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Assessing the risk to human health and the environment from mixed contamination


Polycyclic aromatic hydrocarbons and heavy metals: Joint toxicity evaluation and risk assessment


Characterisation of the nature of combined contaminants is a attracting much interest, with current assessments focusing mostly on single-pollutants. Humans are usually exposed simultaneously or sequentially to a variety of pollutants via multiple exposure routes. Joint effects of pollutants may be similar (additive) or dissimilar (synergistic or antagonistic). Polycyclic aromatic hydrocarbons (PAHs) and heavy metals are reported as the most common co-contaminants at former manufactured gas plant sites in Australia and other parts of world. Toxicity evaluation and risk assessment of these co-contaminants are very critical for remediation of these sites and also for human health.

Current methods of risk assessment have limitations which lead to uncertainty, and extra time and cost in the site assessment process due to the lack of reliable data on chemical mixture toxicity. For instance, available regulations for estimating mixture toxicities are based on an additive concept where interaction data are unavailable. The objective of this project is to determine the joint toxicity and risk assessment of PAHs and heavy metals. Outcomes from this project will help to make informed decisions about the real risk of mixed-contaminants and generate new knowledge on the toxicological effects of mixtures. This project fills data gaps needed for the risk-assessment of mixed contamination by generating scientifically based toxicological knowledge and also improve the current risk assessment methods by integrating the toxicity assays relevant to human health.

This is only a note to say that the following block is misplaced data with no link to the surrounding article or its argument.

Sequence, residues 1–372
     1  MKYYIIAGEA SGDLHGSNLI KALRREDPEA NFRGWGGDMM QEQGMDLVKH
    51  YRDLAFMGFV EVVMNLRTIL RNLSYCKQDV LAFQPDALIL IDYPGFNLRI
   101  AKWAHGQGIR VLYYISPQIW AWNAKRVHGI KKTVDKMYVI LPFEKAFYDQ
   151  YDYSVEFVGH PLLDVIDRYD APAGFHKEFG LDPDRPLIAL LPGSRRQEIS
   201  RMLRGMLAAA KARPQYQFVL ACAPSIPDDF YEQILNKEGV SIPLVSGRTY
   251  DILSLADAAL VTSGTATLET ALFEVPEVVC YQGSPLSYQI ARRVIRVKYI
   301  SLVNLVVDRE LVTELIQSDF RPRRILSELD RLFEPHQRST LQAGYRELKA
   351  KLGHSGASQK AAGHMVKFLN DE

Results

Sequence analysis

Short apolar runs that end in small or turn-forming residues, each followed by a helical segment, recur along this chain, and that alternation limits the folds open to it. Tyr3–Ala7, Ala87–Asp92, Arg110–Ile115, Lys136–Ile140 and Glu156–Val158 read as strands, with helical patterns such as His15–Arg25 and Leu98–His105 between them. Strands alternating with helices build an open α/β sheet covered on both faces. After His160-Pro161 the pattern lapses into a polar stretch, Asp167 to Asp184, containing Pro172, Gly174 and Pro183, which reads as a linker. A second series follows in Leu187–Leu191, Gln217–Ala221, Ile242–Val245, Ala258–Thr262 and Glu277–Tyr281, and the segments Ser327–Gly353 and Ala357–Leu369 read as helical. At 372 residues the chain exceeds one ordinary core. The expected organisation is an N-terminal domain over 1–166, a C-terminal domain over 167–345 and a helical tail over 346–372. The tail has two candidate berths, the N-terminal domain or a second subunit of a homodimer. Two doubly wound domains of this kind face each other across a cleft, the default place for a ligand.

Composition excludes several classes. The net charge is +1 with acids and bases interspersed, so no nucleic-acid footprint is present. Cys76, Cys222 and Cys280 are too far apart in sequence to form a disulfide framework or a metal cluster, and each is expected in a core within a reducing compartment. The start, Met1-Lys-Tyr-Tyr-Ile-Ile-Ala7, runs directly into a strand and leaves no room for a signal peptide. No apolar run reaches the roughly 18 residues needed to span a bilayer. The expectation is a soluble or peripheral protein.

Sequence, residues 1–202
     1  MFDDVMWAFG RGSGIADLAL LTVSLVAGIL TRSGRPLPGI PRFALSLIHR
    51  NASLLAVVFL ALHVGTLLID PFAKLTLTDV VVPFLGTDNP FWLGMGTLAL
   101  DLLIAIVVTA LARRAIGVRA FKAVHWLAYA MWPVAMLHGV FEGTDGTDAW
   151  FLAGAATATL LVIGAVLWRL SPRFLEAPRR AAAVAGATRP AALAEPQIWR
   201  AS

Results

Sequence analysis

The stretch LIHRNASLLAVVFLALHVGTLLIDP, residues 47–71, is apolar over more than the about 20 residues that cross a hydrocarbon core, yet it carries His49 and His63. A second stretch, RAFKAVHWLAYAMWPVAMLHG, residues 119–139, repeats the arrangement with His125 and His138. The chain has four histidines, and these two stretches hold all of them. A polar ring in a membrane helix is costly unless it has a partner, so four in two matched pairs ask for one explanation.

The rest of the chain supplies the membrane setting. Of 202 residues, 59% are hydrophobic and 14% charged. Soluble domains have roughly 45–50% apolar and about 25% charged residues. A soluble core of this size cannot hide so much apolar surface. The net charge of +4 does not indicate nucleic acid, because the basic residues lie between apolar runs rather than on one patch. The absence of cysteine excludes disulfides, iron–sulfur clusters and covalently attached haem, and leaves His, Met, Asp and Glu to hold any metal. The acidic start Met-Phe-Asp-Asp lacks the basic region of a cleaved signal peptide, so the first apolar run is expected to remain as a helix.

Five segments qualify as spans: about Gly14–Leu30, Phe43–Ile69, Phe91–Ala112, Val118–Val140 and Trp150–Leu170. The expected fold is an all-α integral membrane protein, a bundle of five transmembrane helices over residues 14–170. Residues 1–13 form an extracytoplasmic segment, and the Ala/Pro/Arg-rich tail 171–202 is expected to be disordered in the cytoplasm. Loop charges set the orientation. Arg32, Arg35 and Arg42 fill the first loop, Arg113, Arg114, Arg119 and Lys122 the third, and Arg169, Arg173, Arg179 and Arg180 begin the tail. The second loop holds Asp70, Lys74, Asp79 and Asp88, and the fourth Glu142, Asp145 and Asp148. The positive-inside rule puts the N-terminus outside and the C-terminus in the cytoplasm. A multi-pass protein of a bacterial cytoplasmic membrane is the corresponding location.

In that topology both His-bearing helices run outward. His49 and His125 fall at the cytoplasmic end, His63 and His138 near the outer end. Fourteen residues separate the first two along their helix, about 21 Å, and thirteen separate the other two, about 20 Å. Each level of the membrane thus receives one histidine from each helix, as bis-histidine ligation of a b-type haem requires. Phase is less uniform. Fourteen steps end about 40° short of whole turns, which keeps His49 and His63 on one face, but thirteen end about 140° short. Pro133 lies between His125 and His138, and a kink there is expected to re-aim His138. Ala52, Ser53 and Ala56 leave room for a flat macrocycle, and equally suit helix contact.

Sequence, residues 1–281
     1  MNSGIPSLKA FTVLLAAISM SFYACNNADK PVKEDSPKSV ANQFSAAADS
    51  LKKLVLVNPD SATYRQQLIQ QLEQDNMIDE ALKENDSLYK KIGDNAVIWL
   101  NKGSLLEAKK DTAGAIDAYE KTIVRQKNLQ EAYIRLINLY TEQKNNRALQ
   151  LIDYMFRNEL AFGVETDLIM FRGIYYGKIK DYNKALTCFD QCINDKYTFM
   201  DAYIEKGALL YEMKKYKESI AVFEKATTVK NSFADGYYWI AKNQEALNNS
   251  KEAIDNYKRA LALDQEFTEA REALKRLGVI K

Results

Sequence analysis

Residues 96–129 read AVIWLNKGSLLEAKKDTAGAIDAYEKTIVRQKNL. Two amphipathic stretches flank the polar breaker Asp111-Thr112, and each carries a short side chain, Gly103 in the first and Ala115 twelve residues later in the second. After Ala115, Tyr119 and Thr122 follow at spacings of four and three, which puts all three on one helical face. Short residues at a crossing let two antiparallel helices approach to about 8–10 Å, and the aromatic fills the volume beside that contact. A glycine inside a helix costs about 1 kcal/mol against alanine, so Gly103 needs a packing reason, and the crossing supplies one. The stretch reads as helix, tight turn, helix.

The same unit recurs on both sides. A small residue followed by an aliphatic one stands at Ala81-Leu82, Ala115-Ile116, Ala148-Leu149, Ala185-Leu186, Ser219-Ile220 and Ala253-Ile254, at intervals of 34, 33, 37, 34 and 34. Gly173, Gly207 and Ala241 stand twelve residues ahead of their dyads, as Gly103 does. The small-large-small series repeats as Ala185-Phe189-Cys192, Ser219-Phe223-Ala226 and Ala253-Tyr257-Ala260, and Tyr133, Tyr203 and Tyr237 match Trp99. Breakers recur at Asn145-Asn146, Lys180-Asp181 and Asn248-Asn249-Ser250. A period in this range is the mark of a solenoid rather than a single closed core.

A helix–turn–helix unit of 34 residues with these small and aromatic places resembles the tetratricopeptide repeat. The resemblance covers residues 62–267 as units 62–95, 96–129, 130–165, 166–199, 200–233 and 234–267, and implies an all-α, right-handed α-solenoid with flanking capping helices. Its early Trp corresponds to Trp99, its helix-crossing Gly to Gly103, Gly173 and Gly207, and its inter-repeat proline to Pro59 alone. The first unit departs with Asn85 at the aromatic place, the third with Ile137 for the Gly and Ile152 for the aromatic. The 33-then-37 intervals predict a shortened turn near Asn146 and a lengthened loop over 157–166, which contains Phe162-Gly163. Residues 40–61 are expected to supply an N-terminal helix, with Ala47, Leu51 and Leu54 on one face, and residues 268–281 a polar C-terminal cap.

Sasikumar is Diplomate of The American Board of Toxicology (DABT) with post graduate qualifications in Veterinary Pharmacology & Toxicology. With around 8 years  of experience in toxicology, Sasikumar’s research began at the Drug Discovery unit of Dr. Reddy’s Laboratories Limited, India (GLP certified laboratory). He has conducted various types of toxicity studies in rodents and non-rodents and has experience in conduct of genotoxicity, in vitro toxicity and safety pharmacology studies. During this period, Sasikumar gained strong knowledge and experience in design and conduct of lead optimasation and GLP studies for new chemical entities (NCEs). His last assignment was as the Manager of the Toxicology Department in a reputed company where he managed the department of toxicology and animal facility. Sasikumar established a new animal facility during this period and overlooked the process of facility approval from Government of India.  He has managed a group of more than 5 people who were reporting to him during this period. To continue his learning of toxicology he started his PhD program at The University of Queensland, Brisbane which will help him to understand toxicity at molecular level and the art of risk assessment to human health.